What are you going to do, now? The Banshee TV series finale, “Requiem,” airs tonight, on Cinemax. Showrunner Jonathan Tropper, who created the show with David Schickler, talks about why they made the decision to end the show after four seasons, leaving Banshee effectively cancelled by its creative team.
Banshee stars Antony Starr as Lucas Hood, who is back in town after a couple of years, where there is a serial killer on the prowl. The Banshee TV show cast also includes Ivana Miličević, Ulrich Thomsen, Frankie Faison, Hoon Lee, Matt Servitto, Ryann Shane, Lili Simmons, Tom Pelphrey, Eliza Dushku, Casey LaBow, Chris Coy, and Ana Ayora.
Here is what Tropper tells Collider, about the decision to end the Banshee after this fourth and final season:
What made four seasons the right end point for this show, and what made eight episodes the right number for this season? Is that just what you needed to tell this particular story?
TROPPER: The fourth season being the last season was a combination of factors. I was always upset when shows I loved stuck around too long and starting generating extra plot. Once we ended Season 3 and Lucas Hood was basically no longer the sheriff, the premise of the show was about a fake sheriff, so going on for many more seasons, it would have been ridiculous for him to become the sheriff again. The town itself might have had plenty of stories to tell, but it felt like the story of Lucas Hood was coming to an end. All the pitches we came up with, for how to extend that, felt like, “Well, maybe that’s cool, but that’s a different show.” The move to Lucas’ post-sheriff life was the beginning of the end. It was the beginning of the conclusion, and trying to have a conclusion for two seasons, it felt like we would lose some of the immediacy of the storytelling. And ending with eight episodes was really a financial decision. We have a finite amount of money. To have done ten episodes at that budget, we would not have been able to deliver the action we wanted to deliver, and we wouldn’t have been able to deliver the depth of episodes that we’re accustomed to doing. So, we decided to do eight episodes and make them really rich.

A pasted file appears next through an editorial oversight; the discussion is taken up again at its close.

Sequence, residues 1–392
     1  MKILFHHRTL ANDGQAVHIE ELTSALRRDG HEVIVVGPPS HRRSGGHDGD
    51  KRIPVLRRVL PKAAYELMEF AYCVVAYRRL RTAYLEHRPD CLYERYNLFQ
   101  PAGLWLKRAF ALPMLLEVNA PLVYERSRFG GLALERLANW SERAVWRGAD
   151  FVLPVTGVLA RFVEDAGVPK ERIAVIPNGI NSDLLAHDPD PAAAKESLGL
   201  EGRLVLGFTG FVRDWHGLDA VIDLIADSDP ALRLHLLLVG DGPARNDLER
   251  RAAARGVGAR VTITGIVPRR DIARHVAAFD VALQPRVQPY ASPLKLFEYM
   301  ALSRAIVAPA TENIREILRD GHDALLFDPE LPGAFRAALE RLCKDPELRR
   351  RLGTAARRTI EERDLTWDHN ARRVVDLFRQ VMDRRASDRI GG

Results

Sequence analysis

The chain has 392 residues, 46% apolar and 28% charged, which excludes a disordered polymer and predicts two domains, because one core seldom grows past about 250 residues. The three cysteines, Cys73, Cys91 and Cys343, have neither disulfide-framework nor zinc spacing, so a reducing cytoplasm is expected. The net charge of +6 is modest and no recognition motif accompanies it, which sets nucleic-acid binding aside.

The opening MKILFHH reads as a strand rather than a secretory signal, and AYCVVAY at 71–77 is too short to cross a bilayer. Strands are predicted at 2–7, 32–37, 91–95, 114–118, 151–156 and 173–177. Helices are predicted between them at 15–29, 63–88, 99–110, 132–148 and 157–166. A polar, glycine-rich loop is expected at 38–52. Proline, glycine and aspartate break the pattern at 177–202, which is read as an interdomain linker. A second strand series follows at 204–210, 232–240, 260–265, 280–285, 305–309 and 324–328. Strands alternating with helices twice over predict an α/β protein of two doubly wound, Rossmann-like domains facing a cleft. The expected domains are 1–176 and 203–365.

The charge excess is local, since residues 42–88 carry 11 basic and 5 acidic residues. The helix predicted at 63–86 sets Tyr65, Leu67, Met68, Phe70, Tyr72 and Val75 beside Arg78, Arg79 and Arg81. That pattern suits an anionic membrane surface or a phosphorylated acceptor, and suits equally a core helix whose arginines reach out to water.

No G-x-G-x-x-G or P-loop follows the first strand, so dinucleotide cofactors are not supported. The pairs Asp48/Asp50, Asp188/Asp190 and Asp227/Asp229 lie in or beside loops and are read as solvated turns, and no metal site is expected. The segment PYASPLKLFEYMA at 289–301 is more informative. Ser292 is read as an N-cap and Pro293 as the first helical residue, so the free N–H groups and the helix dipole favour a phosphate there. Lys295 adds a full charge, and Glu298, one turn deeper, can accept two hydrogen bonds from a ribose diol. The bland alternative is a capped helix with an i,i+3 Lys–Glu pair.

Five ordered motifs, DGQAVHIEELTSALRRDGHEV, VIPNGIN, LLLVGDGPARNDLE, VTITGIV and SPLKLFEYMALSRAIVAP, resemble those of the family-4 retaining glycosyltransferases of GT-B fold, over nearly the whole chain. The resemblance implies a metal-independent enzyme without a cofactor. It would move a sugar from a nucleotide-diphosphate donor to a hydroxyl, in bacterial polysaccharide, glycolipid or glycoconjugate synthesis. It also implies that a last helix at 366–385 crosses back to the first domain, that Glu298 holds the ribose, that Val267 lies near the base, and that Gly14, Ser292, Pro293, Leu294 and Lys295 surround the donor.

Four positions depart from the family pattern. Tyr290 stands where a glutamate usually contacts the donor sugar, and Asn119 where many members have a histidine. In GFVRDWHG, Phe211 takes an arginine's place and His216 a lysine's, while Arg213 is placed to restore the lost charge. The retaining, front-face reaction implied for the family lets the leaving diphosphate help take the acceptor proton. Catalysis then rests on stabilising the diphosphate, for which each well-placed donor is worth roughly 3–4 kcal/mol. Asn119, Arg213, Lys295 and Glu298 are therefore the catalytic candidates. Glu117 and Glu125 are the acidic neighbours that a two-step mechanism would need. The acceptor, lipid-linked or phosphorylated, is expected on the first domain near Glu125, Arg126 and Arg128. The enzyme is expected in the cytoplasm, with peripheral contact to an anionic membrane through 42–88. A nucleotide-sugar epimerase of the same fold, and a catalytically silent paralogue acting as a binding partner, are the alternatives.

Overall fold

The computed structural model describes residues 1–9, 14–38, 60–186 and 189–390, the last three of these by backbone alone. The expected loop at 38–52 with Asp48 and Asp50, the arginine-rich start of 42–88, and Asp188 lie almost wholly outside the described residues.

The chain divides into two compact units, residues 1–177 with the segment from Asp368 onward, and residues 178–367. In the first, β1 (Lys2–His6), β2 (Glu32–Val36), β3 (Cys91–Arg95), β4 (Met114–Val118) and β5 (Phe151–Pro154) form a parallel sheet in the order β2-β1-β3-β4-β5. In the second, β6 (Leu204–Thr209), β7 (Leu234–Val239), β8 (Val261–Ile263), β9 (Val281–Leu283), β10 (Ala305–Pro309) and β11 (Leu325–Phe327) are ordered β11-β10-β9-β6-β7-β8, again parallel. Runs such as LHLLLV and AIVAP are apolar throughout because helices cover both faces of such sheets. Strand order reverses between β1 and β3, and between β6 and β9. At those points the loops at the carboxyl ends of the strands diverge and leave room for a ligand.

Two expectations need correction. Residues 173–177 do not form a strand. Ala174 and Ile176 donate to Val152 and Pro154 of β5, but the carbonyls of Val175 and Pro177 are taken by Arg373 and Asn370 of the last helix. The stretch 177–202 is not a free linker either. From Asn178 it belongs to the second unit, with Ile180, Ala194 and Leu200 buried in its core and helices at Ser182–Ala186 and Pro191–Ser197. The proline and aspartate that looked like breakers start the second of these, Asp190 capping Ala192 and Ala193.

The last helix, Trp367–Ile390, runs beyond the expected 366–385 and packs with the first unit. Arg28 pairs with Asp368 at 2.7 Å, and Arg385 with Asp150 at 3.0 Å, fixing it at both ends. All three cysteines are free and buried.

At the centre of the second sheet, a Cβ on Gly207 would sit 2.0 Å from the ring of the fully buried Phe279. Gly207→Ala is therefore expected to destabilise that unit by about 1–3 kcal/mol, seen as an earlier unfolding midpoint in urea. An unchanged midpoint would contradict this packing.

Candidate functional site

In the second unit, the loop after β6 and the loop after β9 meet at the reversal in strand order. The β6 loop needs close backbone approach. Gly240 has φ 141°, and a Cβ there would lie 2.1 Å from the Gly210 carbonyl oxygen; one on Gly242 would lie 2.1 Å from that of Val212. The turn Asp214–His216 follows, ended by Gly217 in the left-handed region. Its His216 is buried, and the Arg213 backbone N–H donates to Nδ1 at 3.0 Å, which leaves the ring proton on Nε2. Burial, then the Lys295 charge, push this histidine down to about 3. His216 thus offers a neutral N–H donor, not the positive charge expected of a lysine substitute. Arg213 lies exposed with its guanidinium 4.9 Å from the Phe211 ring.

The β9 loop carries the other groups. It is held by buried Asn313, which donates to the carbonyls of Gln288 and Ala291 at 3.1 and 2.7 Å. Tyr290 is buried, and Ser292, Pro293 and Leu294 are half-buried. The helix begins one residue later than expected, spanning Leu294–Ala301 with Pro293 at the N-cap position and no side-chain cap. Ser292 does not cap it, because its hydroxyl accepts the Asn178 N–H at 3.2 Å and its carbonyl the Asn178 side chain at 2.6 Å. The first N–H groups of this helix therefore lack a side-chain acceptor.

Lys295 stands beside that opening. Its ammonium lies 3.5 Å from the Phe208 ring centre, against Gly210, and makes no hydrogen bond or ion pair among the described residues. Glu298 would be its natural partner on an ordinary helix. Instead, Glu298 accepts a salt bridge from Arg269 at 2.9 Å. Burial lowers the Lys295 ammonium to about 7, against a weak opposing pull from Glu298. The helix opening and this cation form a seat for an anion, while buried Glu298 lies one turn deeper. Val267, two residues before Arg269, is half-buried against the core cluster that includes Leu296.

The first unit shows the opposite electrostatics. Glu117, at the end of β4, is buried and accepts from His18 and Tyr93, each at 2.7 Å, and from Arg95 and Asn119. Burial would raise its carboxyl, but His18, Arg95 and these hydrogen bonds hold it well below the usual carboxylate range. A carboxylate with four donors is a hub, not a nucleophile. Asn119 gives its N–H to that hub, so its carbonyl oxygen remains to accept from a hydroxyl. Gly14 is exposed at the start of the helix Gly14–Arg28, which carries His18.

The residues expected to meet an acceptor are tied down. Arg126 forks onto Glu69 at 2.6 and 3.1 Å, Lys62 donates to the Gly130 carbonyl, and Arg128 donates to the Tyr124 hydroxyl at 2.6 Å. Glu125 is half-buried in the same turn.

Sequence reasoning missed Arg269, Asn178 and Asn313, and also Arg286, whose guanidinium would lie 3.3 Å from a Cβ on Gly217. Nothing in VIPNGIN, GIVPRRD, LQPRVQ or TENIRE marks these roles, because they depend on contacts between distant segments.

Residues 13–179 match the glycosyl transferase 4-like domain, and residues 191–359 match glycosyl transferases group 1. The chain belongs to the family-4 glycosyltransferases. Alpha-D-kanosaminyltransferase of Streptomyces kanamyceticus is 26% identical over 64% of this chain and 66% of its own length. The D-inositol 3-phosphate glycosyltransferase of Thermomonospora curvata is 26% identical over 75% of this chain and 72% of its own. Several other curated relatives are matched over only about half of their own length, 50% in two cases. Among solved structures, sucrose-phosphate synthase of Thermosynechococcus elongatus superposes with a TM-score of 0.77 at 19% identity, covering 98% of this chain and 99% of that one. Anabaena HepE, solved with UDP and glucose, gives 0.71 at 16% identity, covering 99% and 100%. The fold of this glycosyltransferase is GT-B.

Looking back on the run of the series and everything you were able to accomplish with it, what are you most proud of?
TROPPER: I’m just proud that we got a show on the air when there was no precedent for this kind of show. We pitched a show that didn’t resemble any other show, and then we executed the show in a way that it didn’t resemble any other show. On paper, this show sounded pretty insane. We somehow convinced the guys at Cinemax to let us do it, and they let us do it without really messing with it. We had a show that, in a million years, couldn’t show up on a broadcast network, and hadn’t even shown up on any of the premium networks. In the four years since, you do see a lot of other shows like that starting to happen, but I really do think that we put the kind of show on the air, with the cinematic storytelling and action that we were doing, and the kind of heightened pulp, that really carved its own niche and hadn’t been on the air before. I’m really proud of that. I don’t think I could have even done the show that I’m doing now for Cinemax, if Banshee hadn’t come first.
Here is the Cinemax description of the Banshee TV series finale, “Requiem.” Watch a preview, below.
Episode #38 (season 4, episode 8): “Requiem” (series finale)
Debut: FRIDAY, MAY 20 (10:00-11:00 p.m.)
Other CINEMAX playdates: May 20 (11:00 p.m., midnight), 21 (9:00 p.m., 12:20 a.m.), 22 (4:30 p.m.), 23 (8:00 p.m., 12:35 a.m.), 24 (2:25 a.m.), 25 (9:00 p.m.) and 29 (11:15 p.m.)
Resolved to leave Banshee, Lucas learns that the murder case he thought was finally closed may in fact be opening again. After a tense faceoff with Calvin and the Brotherhood, Proctor looks to finalize his deal with the Colombians. Carrie takes aim at one final act of vengeance. Brock demands allegiance from Bunker (Tom Pelphrey) as Banshee braces for an uncertain future.
Written by Jonathan Tropper; directed by Ole Christian Madsen.
BANSHEE was created by Jonathan Tropper and David Schickler; executive producers, Alan Ball, Greg Yaitanes, Jonathan Tropper, Peter Macdissi, Adam Targum, Ole Christian Madsen; producer, Robert F. Phillips.
What do you think? Are you a fan of the Banshee TV show? Is it ending at the right time, or do you wish Banshee had been renewed for a fifth season? How do you want the Banshee TV series finale to end?